The rudder DOES play an important part here, but it can’t be replaced by gravity. The rudder is what keeps the relative wind flowing perpendicular to the lifting surfaces, or keeps the airplane in “coordinated flight.” Remember that the rudder affects the airplane “around the vertical axis.” That is the only axis about which it can affect the airplane. So if you rotate this vertical axis to the left, looking at it from behind the airplane as in your example, the rudder will act on the airplane to move the nose of the airplane either up and to the right (where too much will put the airplane in a slip) or down and to the left (where too much will put the airplane in a skid).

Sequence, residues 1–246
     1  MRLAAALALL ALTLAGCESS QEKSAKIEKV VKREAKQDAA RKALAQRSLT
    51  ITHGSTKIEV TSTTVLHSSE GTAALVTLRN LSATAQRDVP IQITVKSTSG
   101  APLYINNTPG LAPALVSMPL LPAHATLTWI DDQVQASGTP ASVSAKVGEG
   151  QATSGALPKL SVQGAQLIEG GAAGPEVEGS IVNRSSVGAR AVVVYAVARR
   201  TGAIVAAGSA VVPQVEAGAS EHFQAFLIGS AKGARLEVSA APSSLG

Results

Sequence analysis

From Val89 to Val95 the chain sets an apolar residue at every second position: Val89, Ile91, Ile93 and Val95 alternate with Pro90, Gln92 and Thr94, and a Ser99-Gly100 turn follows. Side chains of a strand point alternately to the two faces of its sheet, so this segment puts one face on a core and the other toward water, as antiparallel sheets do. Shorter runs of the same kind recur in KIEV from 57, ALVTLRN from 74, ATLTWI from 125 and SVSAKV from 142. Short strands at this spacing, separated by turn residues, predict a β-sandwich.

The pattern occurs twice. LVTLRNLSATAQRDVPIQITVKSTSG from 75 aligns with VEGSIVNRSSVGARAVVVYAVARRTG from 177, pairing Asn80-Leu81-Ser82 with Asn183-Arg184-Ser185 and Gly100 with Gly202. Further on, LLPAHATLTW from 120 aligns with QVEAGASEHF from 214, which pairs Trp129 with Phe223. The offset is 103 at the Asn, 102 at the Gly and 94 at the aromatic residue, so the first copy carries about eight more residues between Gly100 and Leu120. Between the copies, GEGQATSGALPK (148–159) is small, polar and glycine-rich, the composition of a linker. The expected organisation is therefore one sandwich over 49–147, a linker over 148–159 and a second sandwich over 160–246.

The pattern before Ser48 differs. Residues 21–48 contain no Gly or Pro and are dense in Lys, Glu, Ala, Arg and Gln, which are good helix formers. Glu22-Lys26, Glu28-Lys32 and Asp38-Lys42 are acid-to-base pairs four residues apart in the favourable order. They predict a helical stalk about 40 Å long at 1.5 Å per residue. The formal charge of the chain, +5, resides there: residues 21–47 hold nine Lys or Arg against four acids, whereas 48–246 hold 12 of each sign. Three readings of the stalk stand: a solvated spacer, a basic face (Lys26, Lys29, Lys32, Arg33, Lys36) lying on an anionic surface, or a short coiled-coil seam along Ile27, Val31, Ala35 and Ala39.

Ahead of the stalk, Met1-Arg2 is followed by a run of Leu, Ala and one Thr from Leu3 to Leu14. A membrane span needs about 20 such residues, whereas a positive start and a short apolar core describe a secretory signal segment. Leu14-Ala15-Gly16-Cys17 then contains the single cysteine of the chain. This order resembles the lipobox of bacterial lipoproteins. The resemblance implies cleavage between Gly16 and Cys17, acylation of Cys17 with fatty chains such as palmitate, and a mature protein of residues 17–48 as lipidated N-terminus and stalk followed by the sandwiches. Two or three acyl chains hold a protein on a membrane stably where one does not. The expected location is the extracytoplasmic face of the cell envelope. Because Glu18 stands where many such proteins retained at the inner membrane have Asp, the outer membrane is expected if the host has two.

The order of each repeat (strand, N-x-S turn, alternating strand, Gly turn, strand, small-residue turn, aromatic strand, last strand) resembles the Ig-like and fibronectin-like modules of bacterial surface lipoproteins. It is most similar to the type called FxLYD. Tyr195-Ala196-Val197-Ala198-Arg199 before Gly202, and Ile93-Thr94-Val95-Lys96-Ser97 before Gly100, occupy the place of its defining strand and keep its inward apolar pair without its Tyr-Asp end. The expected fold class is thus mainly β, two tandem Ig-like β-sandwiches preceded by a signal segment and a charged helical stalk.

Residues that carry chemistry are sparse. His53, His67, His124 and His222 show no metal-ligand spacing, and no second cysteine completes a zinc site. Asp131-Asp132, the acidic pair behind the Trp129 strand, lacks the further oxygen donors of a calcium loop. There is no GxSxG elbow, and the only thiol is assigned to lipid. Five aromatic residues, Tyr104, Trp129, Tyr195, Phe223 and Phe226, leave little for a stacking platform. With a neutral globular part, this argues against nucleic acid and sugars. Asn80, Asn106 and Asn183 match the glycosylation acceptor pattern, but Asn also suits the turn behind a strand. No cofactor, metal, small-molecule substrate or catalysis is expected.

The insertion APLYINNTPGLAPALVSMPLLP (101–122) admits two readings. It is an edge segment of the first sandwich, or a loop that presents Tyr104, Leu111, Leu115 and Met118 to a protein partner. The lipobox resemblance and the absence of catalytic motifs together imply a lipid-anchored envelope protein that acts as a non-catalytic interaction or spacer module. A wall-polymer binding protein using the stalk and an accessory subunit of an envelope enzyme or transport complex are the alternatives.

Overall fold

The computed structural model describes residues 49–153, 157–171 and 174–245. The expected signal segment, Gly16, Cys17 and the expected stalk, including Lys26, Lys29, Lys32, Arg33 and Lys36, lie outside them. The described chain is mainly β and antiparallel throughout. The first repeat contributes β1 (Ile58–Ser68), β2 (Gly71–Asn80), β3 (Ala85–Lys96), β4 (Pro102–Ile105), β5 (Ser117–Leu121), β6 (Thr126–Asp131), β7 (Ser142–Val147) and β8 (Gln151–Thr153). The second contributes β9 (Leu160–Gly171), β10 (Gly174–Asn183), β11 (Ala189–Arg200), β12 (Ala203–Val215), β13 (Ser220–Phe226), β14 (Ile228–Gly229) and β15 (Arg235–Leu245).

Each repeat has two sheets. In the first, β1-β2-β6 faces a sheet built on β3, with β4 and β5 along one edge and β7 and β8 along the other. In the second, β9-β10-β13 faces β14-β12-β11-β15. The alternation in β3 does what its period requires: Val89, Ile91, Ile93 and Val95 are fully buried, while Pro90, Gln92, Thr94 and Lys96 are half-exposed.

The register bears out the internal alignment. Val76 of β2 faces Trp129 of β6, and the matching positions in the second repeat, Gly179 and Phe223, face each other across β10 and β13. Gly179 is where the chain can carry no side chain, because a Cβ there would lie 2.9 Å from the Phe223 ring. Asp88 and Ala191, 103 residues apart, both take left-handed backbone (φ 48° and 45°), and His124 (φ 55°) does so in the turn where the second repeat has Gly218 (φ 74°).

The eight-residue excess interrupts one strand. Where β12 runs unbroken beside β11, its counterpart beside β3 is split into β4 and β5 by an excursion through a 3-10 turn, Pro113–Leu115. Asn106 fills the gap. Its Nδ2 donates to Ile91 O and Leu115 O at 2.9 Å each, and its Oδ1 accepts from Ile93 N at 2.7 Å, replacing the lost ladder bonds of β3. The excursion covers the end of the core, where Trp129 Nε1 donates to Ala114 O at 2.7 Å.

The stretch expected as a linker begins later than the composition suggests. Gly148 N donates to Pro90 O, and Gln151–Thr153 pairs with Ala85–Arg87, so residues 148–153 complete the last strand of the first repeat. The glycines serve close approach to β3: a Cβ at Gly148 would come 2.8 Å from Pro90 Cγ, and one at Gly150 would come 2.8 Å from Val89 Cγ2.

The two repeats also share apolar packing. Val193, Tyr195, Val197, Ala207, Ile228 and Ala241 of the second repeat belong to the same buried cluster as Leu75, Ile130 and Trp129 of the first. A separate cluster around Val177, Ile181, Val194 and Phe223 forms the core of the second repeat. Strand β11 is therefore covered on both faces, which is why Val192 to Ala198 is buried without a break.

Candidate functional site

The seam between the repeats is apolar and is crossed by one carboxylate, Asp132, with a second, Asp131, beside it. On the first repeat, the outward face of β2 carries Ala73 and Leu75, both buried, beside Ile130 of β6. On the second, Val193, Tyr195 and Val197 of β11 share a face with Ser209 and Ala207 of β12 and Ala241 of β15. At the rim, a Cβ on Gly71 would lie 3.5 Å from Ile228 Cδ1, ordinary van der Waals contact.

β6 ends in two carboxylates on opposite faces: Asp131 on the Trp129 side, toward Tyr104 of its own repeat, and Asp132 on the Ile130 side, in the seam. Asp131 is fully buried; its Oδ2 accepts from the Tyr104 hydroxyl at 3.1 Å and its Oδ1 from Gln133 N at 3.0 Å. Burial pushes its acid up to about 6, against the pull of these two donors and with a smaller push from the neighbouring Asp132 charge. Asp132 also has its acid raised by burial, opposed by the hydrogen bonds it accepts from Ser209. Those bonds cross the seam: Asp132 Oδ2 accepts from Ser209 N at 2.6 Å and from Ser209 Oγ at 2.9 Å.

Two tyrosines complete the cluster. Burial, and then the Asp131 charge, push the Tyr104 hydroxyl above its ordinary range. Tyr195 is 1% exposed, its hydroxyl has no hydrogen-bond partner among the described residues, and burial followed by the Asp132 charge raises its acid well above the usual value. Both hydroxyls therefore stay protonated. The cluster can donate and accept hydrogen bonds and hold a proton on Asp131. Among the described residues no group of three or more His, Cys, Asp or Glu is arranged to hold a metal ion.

Your point #5 is, as you say, a summation of the centrifugal and gravity vectors and will point down and to the right. However, this is the force equal to and opposite of the Lift being generated (as you say in your point #6), and is the summed value that, at 60 degrees of bank, will give you twice the force of gravity (the “2-g turn”) but that is not what puts the airplane in coordinated flight. The coordination function remains with the rudder. Of course, when you do get over to 90 degrees of bank, and you stay there, there is no amount of increased Lift that will be able to counter-act the force of gravity. If you stay there more than just a couple of seconds, you’re going to have to find a way to counter the force of gravity or you will descend like the proverbial rock. Most acrobatic pilots will tell you they use “top rudder” and a lot of power – “top rudder” (or “right rudder”) will provide a nose movement to the right (again, assuming our left bank example), but there isn’t enough surface to generate enough Lift to keep the nose at that position and the pilot will have to rely on an increased amount of thrust (which will then be pointed above the horizon) and, if there is enough of it, will hold the altitude for a while. That’s why you don’t see a lot of “knife edge” passes in airplanes, except those with the relative thrust of an F-15 or F-16 for the airplane involved – and even then, the pilot doesn’t overstay his welcome at 90 degrees of bank. Mother nature isn’t very tolerant of rude guests!